Choreography Wayne Eagling, concept Toer van Schayk and Eagling
English National Ballet
London Coliseum

ENB Nutcracker Credit: Laurent Liotardo
ENB Nutcracker Snowflakes Credit: Laurent Liotardo
ENB Nutcracker Credit: Laurent Liotardo

English National Ballet upholds its time-honoured practice of taking its Nutcracker to the people, to the provinces and the capital. Wayne Eagling and Toer van Schayk’s version, the tenth ENB production, continues a tradition started in 1950 when ENB was known as London Festival Ballet.

Now in its seventh year, this touring production is beginning to show its age and one wonders whether a new version would be too much of a tall order even though family audiences still flock to it and it is a nice earner for ENB.

There has been some tinkering round the edges and, of course, the cast is constantly changing, which is always enticing. Happy to see all and any of the casting on offer, I happen to catch the second night, unavoidably missing the newly promoted (to lead principal) Joseph Caley as the Nephew joining ENB from Birmingham Royal Ballet, and principal Shiori Kase as Clara on the first night.

Eagling’s Nutcracker goes for dream psychology, which means that the first realistic half has to set up the second half’s dreamscape in the Land of Snow. Children be alert and watch out for clues in that Edwardian family Christmas Eve party where girls will be girls and boys will be boys. See if you can spot the hot air balloon play toy.

Clara’s brother Freddie scares her with a mouse. The puppet theatre show entertainment tells the tale of The Nutcracker and the Mouse King. Saint Nicholas gives Clara a Nutcracker doll and Freddie gets a hussar’s hat and sabre, someone else soldier skittles. All set for a battle between mice and soldiers led by Freddie.

And, family friend magician Drosselmeyer brings his dashing Nephew to the party. Though Clara is still at the doll stage, she is on the cusp of puberty and has her first crush, conflating love for her doll with puppy love for the Nephew.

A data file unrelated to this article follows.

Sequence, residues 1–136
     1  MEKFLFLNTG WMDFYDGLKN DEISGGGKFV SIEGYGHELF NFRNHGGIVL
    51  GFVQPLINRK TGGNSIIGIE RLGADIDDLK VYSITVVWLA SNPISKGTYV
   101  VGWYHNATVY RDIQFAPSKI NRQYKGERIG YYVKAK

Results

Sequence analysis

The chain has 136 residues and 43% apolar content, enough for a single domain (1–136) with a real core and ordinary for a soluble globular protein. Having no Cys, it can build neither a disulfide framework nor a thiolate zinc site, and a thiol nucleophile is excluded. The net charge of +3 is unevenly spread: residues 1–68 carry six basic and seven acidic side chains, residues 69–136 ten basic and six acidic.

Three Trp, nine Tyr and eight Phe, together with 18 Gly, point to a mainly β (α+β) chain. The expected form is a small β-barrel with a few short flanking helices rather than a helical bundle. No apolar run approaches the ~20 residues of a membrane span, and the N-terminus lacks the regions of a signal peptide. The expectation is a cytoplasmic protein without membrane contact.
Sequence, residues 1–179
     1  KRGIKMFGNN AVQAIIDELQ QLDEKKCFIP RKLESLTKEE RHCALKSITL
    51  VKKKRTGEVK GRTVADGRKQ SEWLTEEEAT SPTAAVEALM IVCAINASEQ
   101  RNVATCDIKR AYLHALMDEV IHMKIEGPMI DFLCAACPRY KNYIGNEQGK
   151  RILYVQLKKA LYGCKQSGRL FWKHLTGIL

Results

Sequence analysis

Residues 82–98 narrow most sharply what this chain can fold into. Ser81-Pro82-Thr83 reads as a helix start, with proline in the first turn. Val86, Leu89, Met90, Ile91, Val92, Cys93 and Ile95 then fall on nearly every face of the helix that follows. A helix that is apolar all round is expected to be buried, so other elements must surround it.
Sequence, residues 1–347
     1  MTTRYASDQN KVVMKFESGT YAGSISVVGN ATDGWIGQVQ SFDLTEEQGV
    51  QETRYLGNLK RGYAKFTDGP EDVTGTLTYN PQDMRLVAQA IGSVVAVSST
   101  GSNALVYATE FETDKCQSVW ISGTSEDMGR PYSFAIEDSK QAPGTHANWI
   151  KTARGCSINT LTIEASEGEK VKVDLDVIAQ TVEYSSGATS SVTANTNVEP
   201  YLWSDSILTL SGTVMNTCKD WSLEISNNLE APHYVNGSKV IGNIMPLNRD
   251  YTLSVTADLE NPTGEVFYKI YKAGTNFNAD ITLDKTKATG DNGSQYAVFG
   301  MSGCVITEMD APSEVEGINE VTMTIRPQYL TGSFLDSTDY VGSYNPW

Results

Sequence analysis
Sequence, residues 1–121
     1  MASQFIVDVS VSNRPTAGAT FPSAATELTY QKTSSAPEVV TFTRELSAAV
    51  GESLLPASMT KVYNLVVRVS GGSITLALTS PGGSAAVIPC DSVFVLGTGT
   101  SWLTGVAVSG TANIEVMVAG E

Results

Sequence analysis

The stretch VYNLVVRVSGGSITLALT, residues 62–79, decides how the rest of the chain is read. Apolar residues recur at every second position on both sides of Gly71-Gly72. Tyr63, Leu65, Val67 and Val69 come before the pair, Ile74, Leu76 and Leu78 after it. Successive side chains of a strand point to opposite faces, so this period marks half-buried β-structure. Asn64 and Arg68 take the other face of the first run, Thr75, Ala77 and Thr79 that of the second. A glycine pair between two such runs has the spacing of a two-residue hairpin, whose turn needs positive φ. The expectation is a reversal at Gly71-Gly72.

The excitement of the party, the trouble with overexcited Freddie jealously breaking her doll, the shock of new emotions sends her overwhelmed to bed and a dreamland the omnipotent MC Drosselmeyer (Fabian Reimair) seems to be masterminding.

I can’t wait for the damp squib play fighting with the raggedy mice to be over and the panto villain Mouse King (artist Shevelle Dynott) to be seen off. Sadly he clings on into the second act, hitching a ride under the hot air balloon taking Drosselmeyer, Clara and the Nephew away. Boo hiss.

The first narrative act demands characterisation and personalities, whereas the second act is where all the fabulous dancing takes place, building to the glorious Grand Pas de deux, and the audience applause increases exponentially.

Jurgita Dronina and Aaron Robison, debuting in the roles of Sugar Plum Fairy and the Nephew do not disappoint. She brings exquisite arms and beautiful slow Russian phrasing to her part, and he has a clean technique, perfect landing on those elegant long legs. A dreamy section with familiar music (ENB Philharmonic under the baton of guest conductor Gerry Cornelius) many will be humming on the way back home.

But before that we have lovely Snowflakes (Precious Adams stands out in a strong ensemble), Clara’s fusion of the injured Nutcracker (artist Fernando Carratalá Coloma) and the Nephew—very Hitchcockian—the death behind the arras of the Mouse King, hurrah, and puppet theatre (remember the puppet theatre) divertissements from all around the world.

Junior soloist Rina Kanehara is a delightful Mirliton, first artist Francesca Velicu precise in the Chinese dance, and artist Eric Woolhouse makes a fine airborne Russian, whilst Clara’s parents, transformed into elegant Russian boyar and his wife in pearly kokoshnik headdress, glide solicitously amongst the peasant Russian dancers.

The puppet theatre vanishes (or rather hangs suspended in an unfortunate stage malfunction) to reveal a garden of waltzing Flowers. Credit to the dancers who sail on regardless, as I hold my breath.

Lead Flowers junior soloist Senri Kou and soloist Ken Saruhashi, first soloist Adela Ramirez and soloist James Streeter (not the Mouse King tonight—and I do miss him in a part he has made his own, as he really does bring personality to every role he takes) hold our attention by force of dancing and stage presence.

Clara wakes up, she and Freddie make up and say goodbye to Drosselmeyer and his Nephew in the falling snow. Nutcracker ends where it began, in front of a grand house on a frozen Thames with many spirited skaters: for little ones a magical storybook scene.

London is fortunate to have three Nutcrackers in town: here at the Coliseum, at The Royal Opera House, and Birmingham Royal Ballet are bringing their version to the Royal Albert Hall at the end of the month. May all your Christmas dreams be fulfilled...

Reviewer: Vera Liber

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